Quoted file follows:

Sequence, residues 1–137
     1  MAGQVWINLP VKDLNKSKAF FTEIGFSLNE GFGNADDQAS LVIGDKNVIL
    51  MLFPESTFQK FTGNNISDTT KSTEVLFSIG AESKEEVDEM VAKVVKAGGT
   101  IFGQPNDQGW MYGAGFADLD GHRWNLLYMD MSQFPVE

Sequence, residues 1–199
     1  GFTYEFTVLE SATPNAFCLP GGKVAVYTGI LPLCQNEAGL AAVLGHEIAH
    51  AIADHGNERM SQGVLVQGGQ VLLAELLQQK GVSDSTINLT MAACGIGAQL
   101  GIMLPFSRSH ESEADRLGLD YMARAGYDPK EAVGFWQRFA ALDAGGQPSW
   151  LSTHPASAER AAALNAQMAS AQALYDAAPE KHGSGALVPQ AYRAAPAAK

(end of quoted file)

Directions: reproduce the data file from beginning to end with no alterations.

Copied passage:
Sequence, residues 1–137
     1  MAGQVWINLP VKDLNKSKAF FTEIGFSLNE GFGNADDQAS LVIGDKNVIL
    51  MLFPESTFQK FTGNNISDTT KSTEVLFSIG AESKEEVDEM VAKVVKAGGT
   101  IFGQPNDQGW MYGAGFADLD GHRWNLLYMD MSQFPVE

Sequence, residues 1–199
     1  GFTYEFTVLE SATPNAFCLP GGKVAVYTGI LPLCQNEAGL AAVLGHEIAH
    51  AIADHGNERM SQGVLVQGGQ VLLAELLQQK GVSDSTINLT MAACGIGAQL
   101  GIMLPFSRSH ESEADRLGLD YMARAGYDPK EAVGFWQRFA ALDAGGQPSW
   151  LSTHPASAER AAALNAQMAS AQALYDAAPE KHGSGALVPQ AYRAAPAAK